- Asia equity markets were subdued following a similar close on Wall St where the S&P 500 and DJIA pulled back from intraday record levels
- In FX, antipodeans stole the limelight in which NZD/USD briefly reclaimed 0.6900, AUD was underpinned by better than expected Retail Sales and an unsurprising RBA rate decision
- Looking ahead, highlights include Eurozone, UK and US Services PMIs, US Trade, ISM Non-Mfg, APIs
Asia equity markets were subdued following a similar close on Wall St where the S&P 500 and DJIA pulled back from intraday record levels and tech underperformed as rotation out of the sector resumed. ASX 200 (-0.2%) and Nikkei 225 (-0.2%) were negative as tech names tracked the weakness of their US counterparts. Hang Seng (-0.4%) was also subdued by tech woes, while Shanghai Comp. (-0.1%) traded indecisive after encouraging Caixin Services and Composite PMIs were counterbalanced by continued PBoC inaction, which resulted to net daily drain of CNY 170bln. Finally, 10yr JGBs were lacklustre with demand sapped amid a 10yr auction, which showed weaker demand and lower accepted prices than prior.
Chinese Caixin Services PMI (Nov) 51.9 vs. Exp. 51.5 (Prev. 51.2). (Newswires)
Chinese Caixin Composite PMI (Nov) 51.6 (Prev. 51.0)
PBoC skipped open market operations again today, for a net daily drain of CNY 170bln. (Newswires)
PBoC set CNY mid-point at 6.6113 (Prev. 6.6105)
UK BRC Retail Sales YY (Nov) 0.6% (Prev. -1.0%). (Newswires)
Downing Street sources insisted it wasn’t just the DUP intervention that meant no deal, as citizens’ rights and ECJ were still not finalised. Reports in the Times suggest that PM May believes she has four days to salvage a Brexit deal in the wake of yesterday’s DUP intervention. Separately, EU’s Tusk said the time for a Brexit deal is now getting very tight, but an agreement next week is still possible. (Newswires) This comes in the context of comments from EU’s Juncker that it was not possible to reach a complete deal adding that there are still just two or three issues and is ready to resume negotiations later this week.
In FX markets, antipodeans stole the limelight in which NZD/USD briefly reclaimed the 0.6900 handle after RBNZ Acting Governor Spencer suggested an unwillingness for policy framework changes and noted some risk on the upside for inflation and interest rates. AUD refused to be outdone with the currency underpinned by better than expected Retail Sales and after an unsurprising RBA rate decision, in which some noted that the central bank omitted its reference for inflation to stay low for ‘some time’. Other major currencies were relatively quiet which provided GBP/USD much-needed respite from the prior day’s swings where a divorce deal remained elusive after the DUP, which back PM May’s Conservative Party for a working majority in Parliament, refused to support plans to keep Northern Ireland aligned with EU laws.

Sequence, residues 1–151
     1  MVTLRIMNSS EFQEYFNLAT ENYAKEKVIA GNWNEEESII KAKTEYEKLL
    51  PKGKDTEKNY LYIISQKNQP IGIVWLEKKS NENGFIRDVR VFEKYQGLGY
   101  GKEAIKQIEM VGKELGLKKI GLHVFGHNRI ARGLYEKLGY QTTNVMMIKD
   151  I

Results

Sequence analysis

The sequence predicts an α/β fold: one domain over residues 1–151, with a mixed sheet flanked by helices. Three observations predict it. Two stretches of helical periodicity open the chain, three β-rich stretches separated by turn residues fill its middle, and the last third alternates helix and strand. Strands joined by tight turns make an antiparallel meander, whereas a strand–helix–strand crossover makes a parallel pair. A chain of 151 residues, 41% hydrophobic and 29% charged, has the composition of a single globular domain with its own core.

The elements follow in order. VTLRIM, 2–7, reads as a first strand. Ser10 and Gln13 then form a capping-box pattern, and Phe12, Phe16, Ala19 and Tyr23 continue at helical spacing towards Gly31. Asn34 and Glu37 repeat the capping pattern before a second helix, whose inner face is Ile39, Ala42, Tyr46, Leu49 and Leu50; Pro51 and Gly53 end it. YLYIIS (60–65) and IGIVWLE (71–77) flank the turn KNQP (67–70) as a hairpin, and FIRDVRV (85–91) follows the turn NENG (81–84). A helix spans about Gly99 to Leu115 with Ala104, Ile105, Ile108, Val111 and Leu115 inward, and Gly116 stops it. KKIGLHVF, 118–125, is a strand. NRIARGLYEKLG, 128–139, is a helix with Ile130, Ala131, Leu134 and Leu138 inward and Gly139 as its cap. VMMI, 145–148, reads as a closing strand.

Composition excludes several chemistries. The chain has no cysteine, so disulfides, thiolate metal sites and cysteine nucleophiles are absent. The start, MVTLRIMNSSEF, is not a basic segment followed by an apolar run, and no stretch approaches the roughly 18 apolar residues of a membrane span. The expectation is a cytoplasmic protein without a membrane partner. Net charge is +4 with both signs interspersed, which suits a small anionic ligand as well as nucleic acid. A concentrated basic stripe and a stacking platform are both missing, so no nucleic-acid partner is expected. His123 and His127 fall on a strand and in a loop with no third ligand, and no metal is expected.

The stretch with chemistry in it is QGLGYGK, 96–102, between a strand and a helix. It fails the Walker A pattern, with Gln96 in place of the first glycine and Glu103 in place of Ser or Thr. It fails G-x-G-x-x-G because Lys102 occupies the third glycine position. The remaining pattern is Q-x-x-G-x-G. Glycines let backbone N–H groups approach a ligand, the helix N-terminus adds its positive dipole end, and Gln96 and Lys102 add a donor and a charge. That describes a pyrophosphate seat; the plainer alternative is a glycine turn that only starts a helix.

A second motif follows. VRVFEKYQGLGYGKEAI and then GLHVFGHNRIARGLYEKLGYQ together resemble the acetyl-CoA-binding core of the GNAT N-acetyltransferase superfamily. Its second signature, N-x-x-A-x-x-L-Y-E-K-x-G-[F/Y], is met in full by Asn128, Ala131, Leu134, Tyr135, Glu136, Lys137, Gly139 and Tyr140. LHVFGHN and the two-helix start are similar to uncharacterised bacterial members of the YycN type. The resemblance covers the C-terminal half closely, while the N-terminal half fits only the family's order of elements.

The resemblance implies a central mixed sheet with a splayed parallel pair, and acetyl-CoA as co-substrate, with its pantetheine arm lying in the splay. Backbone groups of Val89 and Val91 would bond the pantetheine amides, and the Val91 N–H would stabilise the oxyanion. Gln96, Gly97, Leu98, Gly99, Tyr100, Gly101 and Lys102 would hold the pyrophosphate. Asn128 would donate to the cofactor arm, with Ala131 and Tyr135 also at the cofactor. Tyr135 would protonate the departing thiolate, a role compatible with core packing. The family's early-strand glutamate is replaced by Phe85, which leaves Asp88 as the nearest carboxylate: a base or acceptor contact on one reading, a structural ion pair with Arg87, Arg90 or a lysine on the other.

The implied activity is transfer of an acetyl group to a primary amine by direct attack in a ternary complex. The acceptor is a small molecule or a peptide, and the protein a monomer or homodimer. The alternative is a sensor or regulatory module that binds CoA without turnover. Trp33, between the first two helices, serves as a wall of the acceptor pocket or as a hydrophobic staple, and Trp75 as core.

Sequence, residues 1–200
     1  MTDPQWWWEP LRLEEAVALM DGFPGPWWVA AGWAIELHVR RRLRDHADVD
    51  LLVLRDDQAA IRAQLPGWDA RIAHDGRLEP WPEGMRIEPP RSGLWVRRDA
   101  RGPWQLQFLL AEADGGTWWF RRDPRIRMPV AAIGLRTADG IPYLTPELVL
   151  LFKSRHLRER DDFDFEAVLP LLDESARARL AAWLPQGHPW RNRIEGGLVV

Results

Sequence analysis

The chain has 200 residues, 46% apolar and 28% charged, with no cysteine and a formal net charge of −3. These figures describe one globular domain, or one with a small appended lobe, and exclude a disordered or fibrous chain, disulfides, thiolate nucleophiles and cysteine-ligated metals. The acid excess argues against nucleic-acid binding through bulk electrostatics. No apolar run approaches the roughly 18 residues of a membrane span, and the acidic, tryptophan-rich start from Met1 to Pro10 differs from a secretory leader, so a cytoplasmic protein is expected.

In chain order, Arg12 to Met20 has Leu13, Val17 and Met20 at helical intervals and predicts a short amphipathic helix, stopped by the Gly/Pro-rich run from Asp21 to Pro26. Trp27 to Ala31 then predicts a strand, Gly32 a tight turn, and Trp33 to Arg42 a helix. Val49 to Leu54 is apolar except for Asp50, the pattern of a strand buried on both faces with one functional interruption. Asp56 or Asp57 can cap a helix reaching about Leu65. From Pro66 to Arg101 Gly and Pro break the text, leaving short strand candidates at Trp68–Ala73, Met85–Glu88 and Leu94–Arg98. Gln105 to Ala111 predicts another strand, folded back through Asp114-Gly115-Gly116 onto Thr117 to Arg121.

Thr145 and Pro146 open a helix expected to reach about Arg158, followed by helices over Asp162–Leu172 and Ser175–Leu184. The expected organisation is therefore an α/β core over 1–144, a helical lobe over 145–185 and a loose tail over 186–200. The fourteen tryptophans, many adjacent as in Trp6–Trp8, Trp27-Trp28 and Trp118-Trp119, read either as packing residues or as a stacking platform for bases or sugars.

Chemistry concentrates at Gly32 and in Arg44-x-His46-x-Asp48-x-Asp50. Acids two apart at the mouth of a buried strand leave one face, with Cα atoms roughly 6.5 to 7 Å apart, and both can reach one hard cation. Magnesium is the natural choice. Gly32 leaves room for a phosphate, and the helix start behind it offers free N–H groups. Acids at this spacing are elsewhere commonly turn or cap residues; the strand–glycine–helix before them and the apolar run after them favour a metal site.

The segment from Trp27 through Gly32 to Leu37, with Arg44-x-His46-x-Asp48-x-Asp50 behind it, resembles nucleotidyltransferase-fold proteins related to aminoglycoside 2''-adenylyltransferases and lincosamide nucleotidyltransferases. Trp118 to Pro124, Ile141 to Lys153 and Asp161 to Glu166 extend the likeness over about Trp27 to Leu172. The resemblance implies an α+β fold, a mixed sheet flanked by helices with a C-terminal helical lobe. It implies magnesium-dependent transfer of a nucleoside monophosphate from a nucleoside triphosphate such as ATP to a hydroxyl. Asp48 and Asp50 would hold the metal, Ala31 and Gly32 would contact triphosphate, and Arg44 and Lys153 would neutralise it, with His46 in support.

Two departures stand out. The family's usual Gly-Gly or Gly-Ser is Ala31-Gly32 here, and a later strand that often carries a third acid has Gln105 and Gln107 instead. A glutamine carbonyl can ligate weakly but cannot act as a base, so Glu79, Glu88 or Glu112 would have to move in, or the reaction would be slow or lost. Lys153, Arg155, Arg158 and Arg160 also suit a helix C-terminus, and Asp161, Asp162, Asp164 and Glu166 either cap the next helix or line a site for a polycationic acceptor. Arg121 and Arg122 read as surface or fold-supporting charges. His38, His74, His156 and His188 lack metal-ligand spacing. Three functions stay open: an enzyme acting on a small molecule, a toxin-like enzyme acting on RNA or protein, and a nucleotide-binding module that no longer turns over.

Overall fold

RBA kept the Cash Rate at 1.50% as expected and reiterated it judged steady policy is consistent with growth and inflation targets. Furthermore, the central bank repeated that rising AUD would slow economy and inflation, while it also commented that forecast remains for inflation to increase gradually and that the outlook for non-mining business investment further improved. (Newswires)
Australian Retail Sales MM (Oct) 0.5% vs. Exp. 0.3% (Prev. 0.0%, Rev. 0.1%). (Newswires)
Australian Net Exports Contribution (Q3) 0.00% vs. Exp. 0.25% (Prev. 0.30%)
Australian Current Account Balance (Q3) -9.10B vs. Exp. -9.20B (Prev. -9.60B)
RBNZ Acting Governor Spencer said should be cautious on making any recommendations for changes to current policy framework and that there remains broad confidence in effectiveness of current framework. Spencer also commented that weak global inflation is assumed to persist in line with the forecasts of the international institutions, which now puts some risk on the upside for inflation and interest rates. (Newswires)
Commodities prices were lacklustre overnight in which WTI crude futures languished below USD 58/bbl following recent profit taking and broad declines across the energy complex. Elsewhere, gold and copper prices were similarly uneventful, with participants looking ahead to this week’s riskier events culminating with Friday’s US NFP jobs data.
Goldman Sachs raised its Brent and WTI spot forecasts to USD 62/bbl and USD 57.50/bbl respectively.
The US Treasury curve bear-flattened in Monday trade on light volume, as traders took encouragement by the progress on tax reform; there is also increased optimism that there will be a bill for the President to sign by the end of the year. Short-dated yields rose by about 3bps at settlement, while longer-dated yields only rose by about 1.6bps. The shape of the curve itself was little changed, with 2s10s and 2s30s narrowing by around 2bps, while 5s30s narrowed by circa 2.5bps. 10-Year T-Note Futures for March settle 5+ ticks lower at 124-08.
US House voted 222-192 for motion to go to conference with Senate on tax bill. (Newswires)